Sunday, August 11, 2013

Matched - What Avon Thinks

Official Summary
In the Society, Officials decide. Who you love. Where you work. When you die. 

Cassia has always trusted their choices. It’s hardly any price to pay for a long life, the perfect job, the ideal mate. So when her best friend appears on the Matching screen, Cassia knows with complete certainty that he is the one… until she sees another face flash for an instant before the screen fades to black. Now Cassia is faced with impossible choices: between Xander and Ky, between the only life she’s known and a path no one else has ever dared follow — between perfection and passion.

Short and Sweet
Matched is a dystopian love story with weak characters and an uneventful storyline. But Ms. Condie gives you just enough hope to keep you reading until the end.

So, what's Avon's take on the book?
No wonder Matched is a YA bestseller: it has romance, it's dystopian, and––that's pretty much it. When I first cracked open the spine and decided to see what the hype was all about, I anticipated something that would be so-so. And that's precisely what it was.

The book starts out with Cassia's "Matching Banquet", where her husband-to-be appears on the screen and she excitedly anticipates her soon-to-be perfect life in the Society. Of course, her best friend Xander is her Match. Like any dystopian heroine, Cassia starts out as naïve and accepting of her loving society. And then, like any heroine, she goes on to realize that her society is all wrong and spearheads a revolution that will reawaken the minds of her fellow citizens. And that's it. She has no personality traits that make her unique. As a reader, I'm not endeared to her. I know absolutely nothing about her, because I can't relate to her. She's patient, she's kind, she's a perfect human being. And sometimes perfection gets a bit boring.

That's what the Society has given us: time. We live longer and better than any other citizens in the history of the world. And it's thanks in large part to the Matching System, which produces physically and emotionally healthy offspring. 

However, one element I love about Ms. Condie's writing style is that Cassia always seems to be talking directly to the reader. It's almost as though she's in the room with me. This is a difficult skill to pick up as a writer, and I have never been able to master it.

I always enjoy these few seconds in the theater before a showing, when all is dark and I am waiting. I always feel a drop in my stomach––wondering if, when the lights of the showing come on, I might find myself completely alone.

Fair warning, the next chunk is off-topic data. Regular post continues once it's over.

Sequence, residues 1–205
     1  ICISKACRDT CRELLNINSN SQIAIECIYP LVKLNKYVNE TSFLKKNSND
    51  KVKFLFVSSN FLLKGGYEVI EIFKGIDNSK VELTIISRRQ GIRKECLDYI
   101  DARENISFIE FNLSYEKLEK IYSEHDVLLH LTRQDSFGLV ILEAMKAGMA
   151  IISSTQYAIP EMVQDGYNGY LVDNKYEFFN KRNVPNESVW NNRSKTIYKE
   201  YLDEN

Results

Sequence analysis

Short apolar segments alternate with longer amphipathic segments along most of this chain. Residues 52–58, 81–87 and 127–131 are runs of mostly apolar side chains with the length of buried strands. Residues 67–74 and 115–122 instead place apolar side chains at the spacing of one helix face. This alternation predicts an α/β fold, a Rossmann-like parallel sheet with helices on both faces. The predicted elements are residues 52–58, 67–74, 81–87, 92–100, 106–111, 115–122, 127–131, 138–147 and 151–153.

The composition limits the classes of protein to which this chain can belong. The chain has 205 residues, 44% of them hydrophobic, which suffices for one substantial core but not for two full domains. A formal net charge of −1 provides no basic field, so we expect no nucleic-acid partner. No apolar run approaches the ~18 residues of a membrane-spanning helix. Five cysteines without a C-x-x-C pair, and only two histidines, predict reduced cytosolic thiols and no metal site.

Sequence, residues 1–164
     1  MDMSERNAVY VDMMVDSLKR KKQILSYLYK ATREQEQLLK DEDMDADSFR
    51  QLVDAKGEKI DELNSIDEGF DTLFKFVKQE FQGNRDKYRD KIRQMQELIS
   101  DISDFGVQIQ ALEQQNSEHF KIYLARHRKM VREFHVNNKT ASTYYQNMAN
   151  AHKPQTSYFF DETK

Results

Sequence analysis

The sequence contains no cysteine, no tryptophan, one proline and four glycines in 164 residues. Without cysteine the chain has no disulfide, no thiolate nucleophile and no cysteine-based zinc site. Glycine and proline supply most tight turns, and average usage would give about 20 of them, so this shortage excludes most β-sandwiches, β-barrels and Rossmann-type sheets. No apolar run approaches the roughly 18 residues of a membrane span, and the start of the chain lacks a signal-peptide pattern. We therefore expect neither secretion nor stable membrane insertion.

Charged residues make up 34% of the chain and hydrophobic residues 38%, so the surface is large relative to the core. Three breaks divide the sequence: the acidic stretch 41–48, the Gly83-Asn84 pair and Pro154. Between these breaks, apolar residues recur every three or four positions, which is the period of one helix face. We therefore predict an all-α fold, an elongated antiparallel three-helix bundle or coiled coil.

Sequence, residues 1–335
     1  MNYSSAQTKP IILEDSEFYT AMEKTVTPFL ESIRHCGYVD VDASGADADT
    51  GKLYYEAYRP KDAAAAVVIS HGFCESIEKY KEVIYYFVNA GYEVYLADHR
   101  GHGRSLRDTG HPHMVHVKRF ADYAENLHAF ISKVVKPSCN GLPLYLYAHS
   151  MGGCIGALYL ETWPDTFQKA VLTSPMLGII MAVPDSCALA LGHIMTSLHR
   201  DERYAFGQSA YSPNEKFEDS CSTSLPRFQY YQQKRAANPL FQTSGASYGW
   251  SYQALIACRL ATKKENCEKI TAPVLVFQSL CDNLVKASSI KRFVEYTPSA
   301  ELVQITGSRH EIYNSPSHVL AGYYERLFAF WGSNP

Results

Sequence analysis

There is one element that I just can't accept about the book: those cheesy one-liners that pop in here and there and make me red with embarrassment. No one goes around thinking, "Some things are meant to be together" or "We go through a forest that is complicated and full of tangles and there are no stones to guide us except the ones we build ourselves". The only characters who can make such ridiculous statements are ones who have lived a hard life and have felt pain. Cassia is fed, clothed, and cleaned by the Society. She has never felt pain in her life. I feel as though Cassia has no right to act like such a deep character when there really is no depth to her at all. 

"What [color] are [my eyes] now?" he asks. He widens his eyes a little, leans closer, lets me look as long and as deep as I want. 

And there's so much to see. They are blue, and black, and other colors, too, and I know some of what they've seen and what I hope they see now. Me. Cassia. What I feel, who I am.

"Well?" Ky asks.

"Everything," I tell him. "They're everything."

The plot is slow moving and it never really gets to a boiling point. Cassia spends most of the novel trying to choose whom she loves more: Xander, the smart, cute one, or Ky, the dark and mysterious one (of course, what did I expect?). Meanwhile, the plot slips downhill. A bunch of "little incidents" occur that don't lead anywhere. Cassia gradually gets more and more annoyed with her oppressive government, but does absolutely nothing about it. Instead of rebelling, she hides her mutinous thoughts and rants to the reader. She kisses the boy she loves and is let off with a warning. She falls on the treadmill and scrapes her knee. Talk about someone as badass as Katniss Everdeen. By the end, her true love ends up being sent off to war and she moves to the country in hopes of finding him. She's passive and I can't get past that. In fact, almost the entire book is passive.

Overall, Matched is a weak novel. It's typical, and it's near impossible to get past its weak characters. Nevertheless, Ms. Condie's writing style blows me away. I love Cassia's voice and her outlook, and the way I can almost reach into her fictional world. 

So what did you think of the book? Am I right? Did I get everything completely wrong? Do I deserve to go to jail for this review? Tell me your thoughts!

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